Since cyber bullying has become such a growing concern, organizations are starting to be formed and reaching out towards those who are in need. The website "endcyberbullying.org" is a website dedicated to ending cyber bullying. This website gives statistics and information about cyber bullying. “The End of Cyber Bullying (ETCB) Organization is a state certified non-profit organization founded by Samuel Lam and David Zhao on May 1st, 2011 in hopes in creating a social network devoid of cyber bullying. By raising awareness and informing the members of our community and others around the globe, ETCB hopes to help teens, parents, educators, and others identify, prevent, and ultimately stop cyber bullying. Ultimately, we hope to BE THE CHANGE and spread positivity online instead of negativity”. (unknown, para. 2) This quote is directly from the website. The quote is to explain what Then End to Cyber Bullying (ETCB) Organization is and explains the function of this organization. School districts have also been putting their foot down by implementing polices that punish those who cyber bully. “More recently, a new federal antibullying bill called the Safe Schools Improvement Act (2011) has been sponsored to shore up antibullying pro-grams in schools. It is important, however, that schools not simply introduce or use antibullying programs, but assess the “fit” of the program for the student population they are dealing with, as well as assess the program’s effectiveness (Kendall-Tackett & Giacomoni, 2005). The quote given states that a new antibullying bill was implemented to help create anti-bullying programs in schools. Certain organizations have been established to help stop cyber bullying, but are their efforts really making a difference when it comes to cyber bullying?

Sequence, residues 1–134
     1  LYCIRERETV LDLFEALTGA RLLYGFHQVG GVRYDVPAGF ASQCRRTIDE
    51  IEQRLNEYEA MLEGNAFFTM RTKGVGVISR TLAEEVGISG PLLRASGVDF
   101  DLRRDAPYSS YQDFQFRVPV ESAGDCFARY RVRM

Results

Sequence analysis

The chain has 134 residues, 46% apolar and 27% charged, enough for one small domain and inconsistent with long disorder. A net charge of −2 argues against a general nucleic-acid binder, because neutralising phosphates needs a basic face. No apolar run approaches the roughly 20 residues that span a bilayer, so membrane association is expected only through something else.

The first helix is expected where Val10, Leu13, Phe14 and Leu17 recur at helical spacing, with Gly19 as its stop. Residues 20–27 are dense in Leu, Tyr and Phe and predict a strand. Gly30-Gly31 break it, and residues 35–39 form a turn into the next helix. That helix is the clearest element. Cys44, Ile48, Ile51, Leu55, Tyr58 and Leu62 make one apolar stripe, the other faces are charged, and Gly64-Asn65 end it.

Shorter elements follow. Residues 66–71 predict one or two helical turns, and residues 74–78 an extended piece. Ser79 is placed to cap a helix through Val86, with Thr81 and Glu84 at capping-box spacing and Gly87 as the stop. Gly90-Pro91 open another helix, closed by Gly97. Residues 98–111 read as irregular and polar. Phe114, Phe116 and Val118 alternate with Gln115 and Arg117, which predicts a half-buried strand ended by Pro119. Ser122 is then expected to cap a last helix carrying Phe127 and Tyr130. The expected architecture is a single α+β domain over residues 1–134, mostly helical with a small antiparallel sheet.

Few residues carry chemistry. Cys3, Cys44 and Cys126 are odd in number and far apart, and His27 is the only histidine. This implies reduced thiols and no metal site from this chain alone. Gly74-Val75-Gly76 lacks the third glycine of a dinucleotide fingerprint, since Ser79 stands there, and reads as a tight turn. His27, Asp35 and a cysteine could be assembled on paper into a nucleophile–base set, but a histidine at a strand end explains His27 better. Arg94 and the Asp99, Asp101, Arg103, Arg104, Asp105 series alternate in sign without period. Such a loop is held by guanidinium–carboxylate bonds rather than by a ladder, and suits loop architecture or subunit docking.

According to the article "Effectiveness of Cyber bullying Prevention Strategies: A Study on Students’ Perspectives", authors Ellen M. Kraft and Jinchang Wang conducted a survey among students who are offenders, victims, both offenders and victims, and neither offenders nor victims of cyber bullying (Kraft, Wang, 2009, pp 521) In this study, they provided different strategies that can be implemented to take of cyber bullies such as "No computer use in school and home for offender…Parent taking away offender's computers and cell phones." (pp 521-522) The results were that "The data revealed that the specific strategy that offenders’ viewed as effective was the penalty that restricted his or her Internet and technology use. In general, clear rules with enforced penalties and ongoing prevention programs were perceived as effective by the offenders. Secondly, teens perceived the theme of taking away the offender’s access to technology as an effective prevention measure, regardless of their roles in cyber bullying. " (pp 530) They go on to say that there are limitations of the study because not all of the people who are participating are honest and they don’t know who is actually taking part in the study. A limitation of this anonymous online study is that the researchers do not really know who the respondents are or if they are completely honest in their answers. This survey is a convenience survey. It is possible that the responses are not representative of larger population of teenagers or online teenagers, although the study does have value as it provides insights into how teenagers view cyber bullying prevention strategies. (pp 531)